I was asked to speak at the local Women's Guild. Their secretary, Mrs Forsyth, wrote to me months ago and asked for biographical details. I had forgotten completely about the event, until Councillor Fraser told me how much his wife was looking forward to hearing my talk.
As I entered the room, I realised that I was the youngest there - by a good few decades. The conversation was all about floral arrangements, marmalade and recent gynaecological operations.
The meeting seemed to drag on and on, with interminable reports and greetings from other clubs. I noticed that some of the assembled throng were already drifting into slumber, as I was introduced. The president shuffled her notes and announced: "Our speaker today is Dr Brenda McElroy from the council, who is going to give us a talk about sexually-transmitted diseases."
Have you ever seen a Tom and Jerry cartoon where Tom hits a wall and slowly descends scratching his claws as he does so?
I rose, somewhat unsteadily, to my feet and held on to the lectern for support. Some had averted their eyes at the mention of the word "sexual", others looked ashamed and disgusted, but a few were obviously keen to hear more. One octogenarian was eagerly taking notes. Some smiled gleefully. What should I do? Come clean and admit that their secretary had made a mistake with speakers and dates, or go for it?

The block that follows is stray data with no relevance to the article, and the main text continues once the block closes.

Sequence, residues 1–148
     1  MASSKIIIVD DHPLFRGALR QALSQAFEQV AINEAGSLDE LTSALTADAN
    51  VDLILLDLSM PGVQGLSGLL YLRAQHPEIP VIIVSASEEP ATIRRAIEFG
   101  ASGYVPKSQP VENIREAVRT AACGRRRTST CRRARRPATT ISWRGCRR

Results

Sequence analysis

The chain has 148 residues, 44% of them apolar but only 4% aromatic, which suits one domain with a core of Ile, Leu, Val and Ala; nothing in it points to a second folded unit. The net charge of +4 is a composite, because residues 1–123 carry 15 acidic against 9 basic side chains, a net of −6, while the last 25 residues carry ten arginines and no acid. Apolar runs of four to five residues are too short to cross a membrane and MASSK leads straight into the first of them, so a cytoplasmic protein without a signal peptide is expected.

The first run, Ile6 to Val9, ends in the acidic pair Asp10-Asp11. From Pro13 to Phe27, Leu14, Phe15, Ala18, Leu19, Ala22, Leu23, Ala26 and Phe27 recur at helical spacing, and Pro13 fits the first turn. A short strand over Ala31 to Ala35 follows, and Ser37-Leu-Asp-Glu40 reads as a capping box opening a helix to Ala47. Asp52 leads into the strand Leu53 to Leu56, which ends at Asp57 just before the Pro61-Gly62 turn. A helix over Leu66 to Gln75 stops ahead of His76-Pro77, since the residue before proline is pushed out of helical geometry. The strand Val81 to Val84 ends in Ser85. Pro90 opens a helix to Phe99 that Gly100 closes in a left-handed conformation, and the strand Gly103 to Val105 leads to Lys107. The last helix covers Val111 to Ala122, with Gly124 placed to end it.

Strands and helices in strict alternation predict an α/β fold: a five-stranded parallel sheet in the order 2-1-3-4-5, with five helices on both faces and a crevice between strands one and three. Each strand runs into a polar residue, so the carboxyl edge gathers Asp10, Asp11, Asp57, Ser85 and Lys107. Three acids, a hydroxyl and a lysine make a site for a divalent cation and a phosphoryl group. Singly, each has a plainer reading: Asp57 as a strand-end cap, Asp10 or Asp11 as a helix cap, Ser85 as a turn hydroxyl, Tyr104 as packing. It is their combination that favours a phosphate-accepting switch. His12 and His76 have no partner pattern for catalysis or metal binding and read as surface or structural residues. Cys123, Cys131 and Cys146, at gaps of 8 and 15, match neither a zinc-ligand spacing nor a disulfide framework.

There was a certain irony in hearing me hold forth on the subject, given that we were top of the schools league tables for teenage pregnancies. Our attendances at the STD clinic were better than our attendances in schools. I waffled on for some 30 minutes, deliberately speaking more slowly and softly in my best P1 story-telling voice. Sure enough, one by one they all fell into a deep sleep. Then, in a loud crescendo, I finished with the words "but nothing that ointment won't clear up!" I had actually been talking absolute gibberish and nonsense, a wee bit like addressing the education and learning committee really - and with the same effect. Applause broke out and smiles crossed faces as the dew of slumber cleared from eyes.
Mrs Fraser gave the vote of thanks. She thanked me for a full and frank talk on a "difficult" subject. Their next speaker was to be Mrs Bridget McElroy from the health board, talking on A Curriculum for Excellence. I'll warn Brenda in advance. She knows as much about new curricula as I do about chlamydia. It shouldn't make any difference really. Both are nasty, annoying and inconvenient, but they go away after a while.